Graywater


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Graywater

Appendix G of the Uniform Plumbing Code (UPC) defines graywater as “untreated household wastewater which has not come into contact with toilet waste. Graywater includes water from bathtubs, showers, bathroom wash basins, and water from clothes-washer and laundry tubs. It shall not include wastewater from kitchen sinks or dishwashers.” The International Plumbing Code (IPC) defines graywater in its Appendix C as “wastewater discharged from lavatories, bathtubs, showers, clothes washers, and laundry sinks.” Some states and local authorities allow kitchen sink wastewater to be included in graywater. Other differences with the UPC and IPC definitions can be found in state and local codes. Project teams should comply with the graywater definitions as established by the authority having jurisdiction in their areas.
References in periodicals archive ?
The cost of installing a graywater system into a new home ranges from $500 to $2,500, according to an article from HGTV.
The vertical gardens are designed to be eco-friendly, and many of the larger projects use wastewater from their host building to sustain the plant life, recycling the runoff from showers and sinks -- known as graywater -- rather than using freshwater.
For a long time, the informal users of rainwater and graywater, who have become water conservation experts, were completely disconnected from governmental water-management agencies and engineering and technology professionals.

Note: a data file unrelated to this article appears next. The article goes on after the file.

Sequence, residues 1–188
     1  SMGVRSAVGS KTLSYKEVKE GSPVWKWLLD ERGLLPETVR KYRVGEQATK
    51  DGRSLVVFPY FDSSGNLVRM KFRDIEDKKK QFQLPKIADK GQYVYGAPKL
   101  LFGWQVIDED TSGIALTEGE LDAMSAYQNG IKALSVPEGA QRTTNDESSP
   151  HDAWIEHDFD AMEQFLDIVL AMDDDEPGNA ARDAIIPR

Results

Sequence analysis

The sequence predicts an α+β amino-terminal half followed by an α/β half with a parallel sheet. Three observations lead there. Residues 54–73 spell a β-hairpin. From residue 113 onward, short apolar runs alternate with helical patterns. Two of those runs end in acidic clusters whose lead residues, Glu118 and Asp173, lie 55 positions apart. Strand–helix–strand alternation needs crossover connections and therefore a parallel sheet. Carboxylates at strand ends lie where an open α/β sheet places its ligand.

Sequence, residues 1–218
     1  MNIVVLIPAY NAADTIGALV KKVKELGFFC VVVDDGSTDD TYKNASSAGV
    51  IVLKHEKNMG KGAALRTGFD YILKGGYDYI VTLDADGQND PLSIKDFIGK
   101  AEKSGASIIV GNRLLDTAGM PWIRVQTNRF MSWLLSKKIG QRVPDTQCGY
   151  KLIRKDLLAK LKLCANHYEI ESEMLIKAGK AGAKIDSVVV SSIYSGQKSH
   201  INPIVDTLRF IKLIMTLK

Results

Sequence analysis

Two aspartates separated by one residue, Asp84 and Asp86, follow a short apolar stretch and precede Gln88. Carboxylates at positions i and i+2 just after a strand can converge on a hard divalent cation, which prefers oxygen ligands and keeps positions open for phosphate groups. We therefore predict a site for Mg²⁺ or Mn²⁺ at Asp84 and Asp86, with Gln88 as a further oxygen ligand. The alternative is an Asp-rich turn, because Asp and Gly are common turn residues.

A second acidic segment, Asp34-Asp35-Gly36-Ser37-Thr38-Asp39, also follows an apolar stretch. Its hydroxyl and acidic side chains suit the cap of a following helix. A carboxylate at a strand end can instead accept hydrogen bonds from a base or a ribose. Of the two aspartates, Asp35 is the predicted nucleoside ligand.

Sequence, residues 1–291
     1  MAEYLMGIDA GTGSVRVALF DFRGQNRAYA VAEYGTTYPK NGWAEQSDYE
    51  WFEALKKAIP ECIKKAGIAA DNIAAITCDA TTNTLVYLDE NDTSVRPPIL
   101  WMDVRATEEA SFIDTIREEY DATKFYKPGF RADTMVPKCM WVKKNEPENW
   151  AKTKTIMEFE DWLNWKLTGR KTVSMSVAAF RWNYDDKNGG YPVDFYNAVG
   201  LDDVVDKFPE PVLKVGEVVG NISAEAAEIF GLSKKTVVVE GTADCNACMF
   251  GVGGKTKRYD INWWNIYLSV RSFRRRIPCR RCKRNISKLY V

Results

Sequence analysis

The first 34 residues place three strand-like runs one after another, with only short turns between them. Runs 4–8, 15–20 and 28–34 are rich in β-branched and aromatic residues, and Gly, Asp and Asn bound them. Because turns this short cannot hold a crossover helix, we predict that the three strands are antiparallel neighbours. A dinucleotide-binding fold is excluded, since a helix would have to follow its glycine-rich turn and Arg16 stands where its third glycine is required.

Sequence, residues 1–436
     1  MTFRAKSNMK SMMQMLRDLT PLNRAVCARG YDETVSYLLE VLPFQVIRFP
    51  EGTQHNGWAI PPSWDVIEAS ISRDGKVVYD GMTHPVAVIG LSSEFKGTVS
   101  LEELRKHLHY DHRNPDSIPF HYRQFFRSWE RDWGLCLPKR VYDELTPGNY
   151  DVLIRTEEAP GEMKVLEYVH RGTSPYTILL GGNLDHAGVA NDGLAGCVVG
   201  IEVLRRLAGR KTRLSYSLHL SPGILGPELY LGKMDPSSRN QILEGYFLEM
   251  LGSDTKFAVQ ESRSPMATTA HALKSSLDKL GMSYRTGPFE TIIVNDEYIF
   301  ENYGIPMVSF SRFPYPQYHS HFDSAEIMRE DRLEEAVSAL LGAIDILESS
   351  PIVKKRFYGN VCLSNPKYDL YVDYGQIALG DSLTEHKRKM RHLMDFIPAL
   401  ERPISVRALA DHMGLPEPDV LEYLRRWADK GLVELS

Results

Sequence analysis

Strategies focusing on applying ICT to external environments and components of buildings, such as "B1 Intelligent vegetal wall system", "D2 Inductive shutter", "D3 Solar photoelectric glass", "D10 Solar-tracking light-guide plates", "D11 Smart roof light-guide system", and "H1 Intelligent graywater recycling system", are classified as "Attractive" attributes.
Part of the water savings comes from a water treatment facility that reduces dependence on municipal water through the treatment and re-use of rainwater and graywater from showers and lavatories.
Among his topics are water from springs, air conditioning condensate recovery, water gathered from clouds, solar water distillation, graywater systems, aquatic plants as a waste management system, biological filter and constructed wetland systems, septic system design, and composting toilets.
broad discharge management categories including fuel management, engine and oil control, solid and liquid maintenance, graywater management, fish hold effluent management and ballast water management.
The most simple, elegant, and efficient solutions are often low-tech and low-impact, for instance, the use of swales, cisterns, and graywater instead of sewers and municipal water, along with urban agriculture replacing nonproductive right-of-ways, grass lawns and the purchase of produce from grocery stores.